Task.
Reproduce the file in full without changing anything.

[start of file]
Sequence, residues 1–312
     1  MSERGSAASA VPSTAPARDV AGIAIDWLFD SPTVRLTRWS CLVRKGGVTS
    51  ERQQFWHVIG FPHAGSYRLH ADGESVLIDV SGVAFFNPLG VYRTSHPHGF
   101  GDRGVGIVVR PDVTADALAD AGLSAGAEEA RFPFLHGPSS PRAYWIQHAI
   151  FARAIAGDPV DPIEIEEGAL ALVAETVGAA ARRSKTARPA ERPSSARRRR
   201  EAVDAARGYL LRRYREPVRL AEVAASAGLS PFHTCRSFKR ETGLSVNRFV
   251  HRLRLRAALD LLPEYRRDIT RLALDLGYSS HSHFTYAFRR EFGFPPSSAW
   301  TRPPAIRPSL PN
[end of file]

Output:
Sequence, residues 1–312
     1  MSERGSAASA VPSTAPARDV AGIAIDWLFD SPTVRLTRWS CLVRKGGVTS
    51  ERQQFWHVIG FPHAGSYRLH ADGESVLIDV SGVAFFNPLG VYRTSHPHGF
   101  GDRGVGIVVR PDVTADALAD AGLSAGAEEA RFPFLHGPSS PRAYWIQHAI
   151  FARAIAGDPV DPIEIEEGAL ALVAETVGAA ARRSKTARPA ERPSSARRRR
   201  EAVDAARGYL LRRYREPVRL AEVAASAGLS PFHTCRSFKR ETGLSVNRFV
   251  HRLRLRAALD LLPEYRRDIT RLALDLGYSS HSHFTYAFRR EFGFPPSSAW
   301  TRPPAIRPSL PN